Sony adds broadband to digital video recorder

It doesn't run Napster, but the upcoming NDR-XR1 does have an Internet-based programme guide, an 80GB hard disk and a DVD burner. And it can be programmed from a mobile phone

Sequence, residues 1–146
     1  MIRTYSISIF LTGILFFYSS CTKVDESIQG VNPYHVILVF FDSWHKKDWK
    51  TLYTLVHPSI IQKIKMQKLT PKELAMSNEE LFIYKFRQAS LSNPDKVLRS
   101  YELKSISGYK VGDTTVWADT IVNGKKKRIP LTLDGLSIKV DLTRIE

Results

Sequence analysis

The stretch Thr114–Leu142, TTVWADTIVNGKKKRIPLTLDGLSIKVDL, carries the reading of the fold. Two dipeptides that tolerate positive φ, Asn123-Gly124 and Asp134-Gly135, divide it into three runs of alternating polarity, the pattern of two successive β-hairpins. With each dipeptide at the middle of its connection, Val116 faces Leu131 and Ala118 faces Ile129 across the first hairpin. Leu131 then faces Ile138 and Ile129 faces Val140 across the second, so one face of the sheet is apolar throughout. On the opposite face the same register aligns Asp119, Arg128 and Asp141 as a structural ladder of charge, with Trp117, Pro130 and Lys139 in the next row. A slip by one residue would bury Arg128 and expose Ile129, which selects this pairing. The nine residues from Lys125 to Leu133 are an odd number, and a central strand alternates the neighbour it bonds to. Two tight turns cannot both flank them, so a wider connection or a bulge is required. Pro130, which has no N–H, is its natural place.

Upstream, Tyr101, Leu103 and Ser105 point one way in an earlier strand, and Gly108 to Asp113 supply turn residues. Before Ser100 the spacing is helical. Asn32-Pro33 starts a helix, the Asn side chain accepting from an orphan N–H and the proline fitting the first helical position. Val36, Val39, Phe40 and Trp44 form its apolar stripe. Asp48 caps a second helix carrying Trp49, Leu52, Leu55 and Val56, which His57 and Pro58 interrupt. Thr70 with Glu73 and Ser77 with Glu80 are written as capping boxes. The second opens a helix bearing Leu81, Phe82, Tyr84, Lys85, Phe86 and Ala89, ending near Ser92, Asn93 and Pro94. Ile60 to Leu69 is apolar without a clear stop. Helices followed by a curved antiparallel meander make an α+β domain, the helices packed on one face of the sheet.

Sony is to release a digital video recorder (DVR) with a hard drive and DVD recorder, as well as a broadband Internet connection and Web browser, the company has announced. The NDR-XR1, set to launch in Japan on 12 April, goes a step beyond current cutting-edge DVR products. Some current and announced products, including devices from Toshiba and Panasonic, include a hard drive and DVD recorder, but Sony's is the first to add a broadband connection -- used for programme guide information and to access Web pages. The combination of a hard drive with a DVD burner is also a relatively new feature -- and a controversial one, given the entertainment industry's fears about digital piracy. As consumers become more familiar with digital video recorders, shipment numbers and interest from consumer-electronics makers are rising, according to a recent report from research firm In-Stat/MDR. DVRs record television programmes, store them on a hard drive for quick access and can temporarily pause live broadcasts. The devices have been very popular among their owners, receiving an 83 percent satisfaction rating, according to In-Stat/MDR, but they haven't amassed the following that many predicted. However, shipments are expected to rise significantly as manufacturers add DVR features to more common appliances such as DVD players. Worldwide shipments of DVRs reached 1.5 million in 2002, and should increase to more than 11 million in 2005, according to In-Stat/MDR. Satellite set-top boxes are expected to be the main driver behind the growth. Sony's NDR-XR1 is the latest new configuration to try and stoke consumer interest. It includes an 80GB hard disk, the ability to record in DVD-R/RW format, a DV link for importing footage from video cameras, a Memory Stick reader for importing still images, and playback of DVD-R/RW, DVD video and various CD formats. Through the always-on broadband connection, the device can connect to an Internet-based programme guide, which allows for automated programming of the device. With a subscription to the programme guide service, users can programme the DVR via a PC or Internet-connected mobile phone. Users can view Web pages in a picture-in-picture display while they watch television. The first DVRs, including the popular TiVo service, appealed to consumers on the basis of their automatic programme guides and the ability to pause live television, but could only record on the built-in hard drive. A few newer devices such as the NDR-XR1 and the Panasonic DMR-HS2 record to a hard disk, but allow users to archive programmes on DVDs, which can be played back on a PC or another DVD player. No one configuration of the various DVR features has so far become standard, partly because the devices still lack the basic simplicity and convenience of videotape recorders. Sony's catch-all approach with the NDR-XR1 has one disadvantage -- the device will cost 145,000 yen, or about £770. Michael Ramsay, chief executive of DVR maker TiVo, said on Thursday that current devices are too expensive to become a mass-market hit. "The biggest swing factor right now is price," Ramsay told Reuters. "When we get the price down it will make a big difference to the volume [of sales]." CNET's Richard Shim contributed to this report.

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